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From Detached to Connected: An inspirational professor redirects Honors student Hannah Ekeh to a more fulfilling future

by Aïda Rogers

For Honors student Hannah Ekeh, college just wasn’t entirely in tune. She was studying public health, and she’d spent a semester in France, but something seemed to be missing. Several professors and advisors helped guide her, but two people in particular sparked a change that has made her college experience much more rewarding. Kim Simmons, her advisor, strongly suggested she register for African American Studies 398, a special Honors course that would fulfill her History of Civilization requirement. Prof. Nikky Finney took it from there.

“It was nothing like any other class I had taken,” Ekeh recalls of Black, Gay, and Sweet on Truth, Finney’s course that examines the writings of James Baldwin and Audre Lorde. “As the semester progressed, I realized this was the kind of space I wanted to be in. I googled my professor, and it was like ‘I can’t believe this person’s teaching my class.’ And when I learned more about Baldwin and Lorde, I thought, ‘Oh yeah, of course that’s why this course is so great.’”

Finney, a poet whose Head Off & Split won the 2011 National Book Award for Poetry, connects the works of Baldwin and Lorde to 20th century African American life. Her subject and teaching style spurred Ekeh to do something drastic—change her major from public health to English her junior year. Now a senior, she’s taking 21 credit hours this semester and 24 the next to graduate in May. While she’s learning a lot about literature, she’s also learning about herself. Finney’s course came right in time.

“I was going through a lot of changes and beginning to learn about myself as a black woman and a black person in America,” she says. “There were thoughts I had prior to that class I wasn’t able to articulate until I read James Baldwin and Audre Lorde’s poems and short stories and essays. I was feeling detached from the world, and reading someone saying something I myself was thinking made me feel connected to both myself and other people, other black people.”

Ekeh grew up in Columbia, the daughter of Nigerian educators. Thanks to Finney, who recommended Ekeh for a 2016 fellowship at the Schomburg-Mellon Humanities Summer Institute in New York, she was able to learn more about her Nigerian heritage. When a lecturer mentioned the Women’s War, a 1929 event in which thousands of Igbo market women rebelled against taxes their British colonial rulers were imposing, Ekeh knew she’d found her research project. “Birds and the Bees” is the title of her fictional reimagining of how her grandmother and great-grandmother may have responded to the indignities of colonialism. “I never met them or heard many, if any, stories about them, but I do believe they had to have been connected to the Women’s War. I was inspired by the wealth of information a short story could contain.”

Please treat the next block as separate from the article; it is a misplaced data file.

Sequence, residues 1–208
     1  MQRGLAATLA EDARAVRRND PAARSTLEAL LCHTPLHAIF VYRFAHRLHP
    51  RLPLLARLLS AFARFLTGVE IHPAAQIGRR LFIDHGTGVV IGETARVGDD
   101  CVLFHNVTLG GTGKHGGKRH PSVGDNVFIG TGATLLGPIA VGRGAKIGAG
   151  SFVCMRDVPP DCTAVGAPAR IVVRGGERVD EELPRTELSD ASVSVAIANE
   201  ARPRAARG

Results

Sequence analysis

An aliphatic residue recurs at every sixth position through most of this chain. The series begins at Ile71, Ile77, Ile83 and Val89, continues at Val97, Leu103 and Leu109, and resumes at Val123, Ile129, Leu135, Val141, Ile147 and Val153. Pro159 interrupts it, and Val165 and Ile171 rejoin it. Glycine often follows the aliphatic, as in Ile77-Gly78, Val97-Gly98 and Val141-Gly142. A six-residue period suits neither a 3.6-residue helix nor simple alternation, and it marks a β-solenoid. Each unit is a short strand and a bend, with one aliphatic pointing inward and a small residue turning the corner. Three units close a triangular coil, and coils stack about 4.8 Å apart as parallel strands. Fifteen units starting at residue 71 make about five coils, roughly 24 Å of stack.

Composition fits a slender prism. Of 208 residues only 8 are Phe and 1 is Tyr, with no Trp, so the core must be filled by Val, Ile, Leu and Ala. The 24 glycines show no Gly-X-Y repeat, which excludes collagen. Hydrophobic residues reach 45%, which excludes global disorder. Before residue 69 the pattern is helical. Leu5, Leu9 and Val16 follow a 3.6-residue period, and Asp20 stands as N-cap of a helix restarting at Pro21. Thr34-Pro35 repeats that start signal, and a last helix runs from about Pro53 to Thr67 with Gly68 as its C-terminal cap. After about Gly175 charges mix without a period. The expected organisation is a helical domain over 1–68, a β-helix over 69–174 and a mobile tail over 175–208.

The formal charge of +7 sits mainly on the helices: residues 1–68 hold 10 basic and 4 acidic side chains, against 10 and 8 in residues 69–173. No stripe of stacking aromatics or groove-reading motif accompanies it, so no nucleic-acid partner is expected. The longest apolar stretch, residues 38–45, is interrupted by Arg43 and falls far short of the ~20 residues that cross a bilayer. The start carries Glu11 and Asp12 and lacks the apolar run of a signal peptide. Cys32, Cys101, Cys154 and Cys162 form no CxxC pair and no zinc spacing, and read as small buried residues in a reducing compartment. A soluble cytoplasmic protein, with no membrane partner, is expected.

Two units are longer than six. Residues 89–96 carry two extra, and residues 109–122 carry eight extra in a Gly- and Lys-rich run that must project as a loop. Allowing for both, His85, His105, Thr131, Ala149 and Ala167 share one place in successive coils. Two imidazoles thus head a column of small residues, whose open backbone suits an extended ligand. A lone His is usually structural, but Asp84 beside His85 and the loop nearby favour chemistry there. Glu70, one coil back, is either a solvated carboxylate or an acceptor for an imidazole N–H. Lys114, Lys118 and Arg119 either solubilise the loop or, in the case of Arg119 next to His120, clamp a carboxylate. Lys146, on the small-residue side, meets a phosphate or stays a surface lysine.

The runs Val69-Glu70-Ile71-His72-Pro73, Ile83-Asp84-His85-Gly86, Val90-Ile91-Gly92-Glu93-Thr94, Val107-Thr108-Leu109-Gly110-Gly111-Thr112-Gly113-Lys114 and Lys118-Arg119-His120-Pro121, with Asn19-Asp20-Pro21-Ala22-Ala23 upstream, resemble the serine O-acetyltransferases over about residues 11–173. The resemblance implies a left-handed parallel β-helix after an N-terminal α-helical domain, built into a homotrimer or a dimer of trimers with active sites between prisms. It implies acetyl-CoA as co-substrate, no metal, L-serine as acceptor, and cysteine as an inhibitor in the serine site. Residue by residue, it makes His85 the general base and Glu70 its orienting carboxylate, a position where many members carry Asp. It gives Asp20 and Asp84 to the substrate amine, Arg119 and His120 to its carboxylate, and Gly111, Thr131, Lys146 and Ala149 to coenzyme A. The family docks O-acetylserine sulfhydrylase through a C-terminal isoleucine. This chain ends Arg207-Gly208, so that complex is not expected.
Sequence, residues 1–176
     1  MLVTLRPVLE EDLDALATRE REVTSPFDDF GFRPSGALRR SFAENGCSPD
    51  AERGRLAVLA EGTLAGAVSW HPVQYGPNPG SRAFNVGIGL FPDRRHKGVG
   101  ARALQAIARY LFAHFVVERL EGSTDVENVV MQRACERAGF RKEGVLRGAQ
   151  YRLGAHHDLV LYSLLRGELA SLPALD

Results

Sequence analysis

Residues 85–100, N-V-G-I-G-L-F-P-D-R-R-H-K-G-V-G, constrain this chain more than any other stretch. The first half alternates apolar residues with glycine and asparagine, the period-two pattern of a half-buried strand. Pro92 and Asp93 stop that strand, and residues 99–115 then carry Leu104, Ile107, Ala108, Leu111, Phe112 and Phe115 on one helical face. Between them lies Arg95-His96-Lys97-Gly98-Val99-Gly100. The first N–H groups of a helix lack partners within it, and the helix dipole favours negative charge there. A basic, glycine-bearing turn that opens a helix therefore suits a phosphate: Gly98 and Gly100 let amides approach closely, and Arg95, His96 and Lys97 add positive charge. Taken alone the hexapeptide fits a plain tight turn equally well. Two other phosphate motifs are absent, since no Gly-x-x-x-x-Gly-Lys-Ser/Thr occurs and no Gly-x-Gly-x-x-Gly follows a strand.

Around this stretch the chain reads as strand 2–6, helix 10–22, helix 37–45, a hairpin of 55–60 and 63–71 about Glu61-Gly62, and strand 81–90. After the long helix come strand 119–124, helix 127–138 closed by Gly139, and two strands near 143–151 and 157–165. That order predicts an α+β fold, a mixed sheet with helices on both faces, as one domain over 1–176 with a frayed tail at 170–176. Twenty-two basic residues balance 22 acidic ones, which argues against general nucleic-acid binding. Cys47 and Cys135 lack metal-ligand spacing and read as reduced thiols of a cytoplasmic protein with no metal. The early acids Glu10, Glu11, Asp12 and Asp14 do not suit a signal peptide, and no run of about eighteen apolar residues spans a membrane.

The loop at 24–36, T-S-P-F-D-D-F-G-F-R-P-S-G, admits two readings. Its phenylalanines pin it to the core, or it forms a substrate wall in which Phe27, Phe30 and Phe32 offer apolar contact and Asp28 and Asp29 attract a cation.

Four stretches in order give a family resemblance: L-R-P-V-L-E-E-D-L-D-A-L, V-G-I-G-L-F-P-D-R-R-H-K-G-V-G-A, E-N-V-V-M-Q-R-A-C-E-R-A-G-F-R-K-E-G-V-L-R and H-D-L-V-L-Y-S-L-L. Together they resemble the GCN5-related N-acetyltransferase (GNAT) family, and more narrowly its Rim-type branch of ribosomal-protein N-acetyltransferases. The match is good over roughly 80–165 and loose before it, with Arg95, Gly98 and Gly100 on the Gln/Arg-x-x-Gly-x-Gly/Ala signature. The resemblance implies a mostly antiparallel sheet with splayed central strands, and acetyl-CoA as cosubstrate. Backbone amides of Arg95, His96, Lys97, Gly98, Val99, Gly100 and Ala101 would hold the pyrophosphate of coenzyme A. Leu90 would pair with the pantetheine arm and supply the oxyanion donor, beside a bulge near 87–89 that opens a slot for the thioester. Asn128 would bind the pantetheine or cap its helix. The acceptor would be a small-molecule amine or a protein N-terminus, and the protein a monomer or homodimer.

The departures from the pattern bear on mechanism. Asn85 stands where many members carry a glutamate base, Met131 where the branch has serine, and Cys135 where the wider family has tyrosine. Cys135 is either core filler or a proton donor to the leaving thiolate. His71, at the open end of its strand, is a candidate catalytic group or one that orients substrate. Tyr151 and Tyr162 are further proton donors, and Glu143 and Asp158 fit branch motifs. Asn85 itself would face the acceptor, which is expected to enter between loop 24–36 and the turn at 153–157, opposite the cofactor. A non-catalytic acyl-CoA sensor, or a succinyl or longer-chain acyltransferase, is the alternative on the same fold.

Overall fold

Ekeh is the first USC student to receive the fellowship, which is awarded to 10 rising college seniors each summer. Created by the Schomburg Center for Research in Black Culture and the Andrew W. Mellon Foundation, the institute encourages minority students and others interested in African-American, African, and African Diasporan Studies to pursue Ph.D.s in the humanities.   Muddled about what she’d do with a public health degree, Ekeh is much clearer now: After taking a gap year, she plans to pursue graduate studies in English and Africana literature. Those subjects, as they relate to gender and identity, are what she needs to know more about. The fellowship brought her once-fuzzy future into focus.

“I went from being directionless to having a direction I am invested in exploring,” she reflects. “Having no expectations for what I would be doing made me more open to engaging with my cohort, the scholars, and mentors in a way that got me to realize I made the right decision to change my major, and that I don’t need to have everything figured out. But I also learned I need to pay attention to those moments when I am asking a lot of questions, speaking up, or my eyes are wide because those moments will guide me through my career and life.”

Finney, who lectures at the institute, isn’t surprised her student has found her footing. “I recognized some of myself in Hannah,” she wrote in an email. “She was the student I used to be when I was an undergraduate—painfully shy but with a head full of provocative and wise ideas. Hannah is brilliant and dutiful and can achieve anything she puts her mind to as long as she extends her wings to full length. Like all of us she has to get everybody off her shoulders telling her what to be in this life and fly away to her most genuine self. I fiercely believe she will do just that.”